The 6 cases of MTS shows the findings ranging from loss of hippocampal architecture, hippocampal atrophy (asymmetric), dilatation of temporal horns and increased T2W and FLAIR signal intensity. This finding correlates with the study conducted by Grattan Smith et al. [10] Our study observed FCD as the another common etiology of pediatric epilepsy which doesn’t correlate with the findings observed by Mittal et al and Gungor et al studies. [11,12]

This was followed by the neoplastic etiology in pediatric seizures which included temporal lobe tumors resulting in seizures. The findings reported were Desmoplastic Infantile Ganglioglioma, DNET, Astroblastoma and Ganglioglioma as the common tumors involved in pediatric epilepsy. The observations do not correlate with the Zajac et al study [13]. In our study we reported 2 cases of tuberous scleorsis and 2 cases of sturge weber syndrome which correlates with Dietrich et al study [14]. In our study HIE was found in 3 cases and vanishing white matter disease in 1 case which doesn’t match with the findings observed in study conducted by Alam and Sahu [15].


Focal cortical dysplasia


Figure 1. Axial Sections Showing T1W Hypo and T2W and Flair Hypersignal Intensity Lesions are noted in Subacotical Region of Parietal Lobe Radiating from Lateral Ventricle on Left Side Suggestive of Focal Cortical Defect.

Desmoplastic infantile ganglioglioma


Figure 2. 1) T1W Axial Image Showing Hypo to Isointense in Right Fronto Parietal Region; 2)T1W Sagittal Image Showing the Extent; 3)T2W Image Showing Areas of Cystic Hyperintensity with Hypointense Solid Areas; 4)Flair Sequence Showing Low Signal of Cystic Areas With Evidence of Perilesional Edema; 5) DWI Showing No Evidence of Restriction; 6) Posrcontrast T1W Sequence Showing Showing Heterogenous Enhancement of Solid Component.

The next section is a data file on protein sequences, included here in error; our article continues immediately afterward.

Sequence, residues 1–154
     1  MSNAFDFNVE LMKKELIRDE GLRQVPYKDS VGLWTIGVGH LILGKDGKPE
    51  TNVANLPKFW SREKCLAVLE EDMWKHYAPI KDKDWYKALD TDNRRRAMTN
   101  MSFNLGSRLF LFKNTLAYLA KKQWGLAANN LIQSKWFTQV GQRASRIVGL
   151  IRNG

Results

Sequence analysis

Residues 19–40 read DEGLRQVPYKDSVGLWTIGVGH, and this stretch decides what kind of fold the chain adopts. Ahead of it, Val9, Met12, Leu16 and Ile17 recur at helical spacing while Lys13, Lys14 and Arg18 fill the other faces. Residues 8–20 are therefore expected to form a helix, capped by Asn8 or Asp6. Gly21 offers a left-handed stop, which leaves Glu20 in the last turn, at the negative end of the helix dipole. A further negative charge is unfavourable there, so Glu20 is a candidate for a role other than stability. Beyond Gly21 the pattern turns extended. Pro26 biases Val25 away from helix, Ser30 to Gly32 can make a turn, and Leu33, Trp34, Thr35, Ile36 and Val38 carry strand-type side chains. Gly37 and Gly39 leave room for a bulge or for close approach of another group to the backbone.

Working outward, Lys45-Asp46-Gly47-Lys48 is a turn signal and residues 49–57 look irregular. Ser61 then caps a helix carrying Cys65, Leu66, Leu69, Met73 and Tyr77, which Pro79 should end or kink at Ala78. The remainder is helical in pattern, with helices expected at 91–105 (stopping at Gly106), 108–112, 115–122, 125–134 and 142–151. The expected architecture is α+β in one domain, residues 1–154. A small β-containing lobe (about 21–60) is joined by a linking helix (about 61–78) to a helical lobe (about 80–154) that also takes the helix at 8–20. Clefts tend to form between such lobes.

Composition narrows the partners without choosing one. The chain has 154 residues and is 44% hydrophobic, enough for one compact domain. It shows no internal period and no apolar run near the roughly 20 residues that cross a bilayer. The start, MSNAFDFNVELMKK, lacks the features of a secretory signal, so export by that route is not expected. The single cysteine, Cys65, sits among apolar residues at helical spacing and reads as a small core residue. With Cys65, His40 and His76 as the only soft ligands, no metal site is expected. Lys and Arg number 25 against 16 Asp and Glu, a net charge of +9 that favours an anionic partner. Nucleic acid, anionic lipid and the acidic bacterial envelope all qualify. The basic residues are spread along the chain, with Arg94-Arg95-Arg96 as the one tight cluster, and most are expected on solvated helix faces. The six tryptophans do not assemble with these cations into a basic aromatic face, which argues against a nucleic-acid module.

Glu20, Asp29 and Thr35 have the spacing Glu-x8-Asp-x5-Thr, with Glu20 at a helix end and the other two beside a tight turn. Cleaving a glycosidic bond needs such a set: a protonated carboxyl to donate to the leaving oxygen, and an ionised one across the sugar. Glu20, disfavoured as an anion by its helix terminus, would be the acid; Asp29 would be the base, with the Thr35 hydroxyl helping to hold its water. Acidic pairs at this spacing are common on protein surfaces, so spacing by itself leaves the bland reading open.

Sturge weber syndrome


Figure 3. Left Verebral Atrophy with Pial Enhancement in Left Parieto-Occipital Region Consistent with Pial Angioma and Enlarged Left Choroid Plexuses.

Tuberous sclerosis


Figure 4. T2W and Flair Sequence Showing Cortical and Subcortical Hypersignal Intensity with Hyperintense Subependymal Tubers Suggestive of Tuberous Sclersosis.

Mesial temporal sclerosis


Figure 5. Coronal Sections Showing Loss of Hippcampal Architecture and Loss of Hippocampal Volume of Right Side.


The causes of pediatric epilepsy range from medically responsive to medically refractive lesions. Accurate diagnosis can aid in prompt intervention resulting in reduction of morbidity associated with the epilepsy and helps in improving the quality of life of patient. MRI is the investigation of choice for accurate localization of lesion and follows up due to its better spatial resolution, soft tissue delineation, multiplanar imaging capability and safety due to non-utilization of ionizing radiation. Better planning and protocol can accurately diagnose the lesion and changes the outcome via prompt management.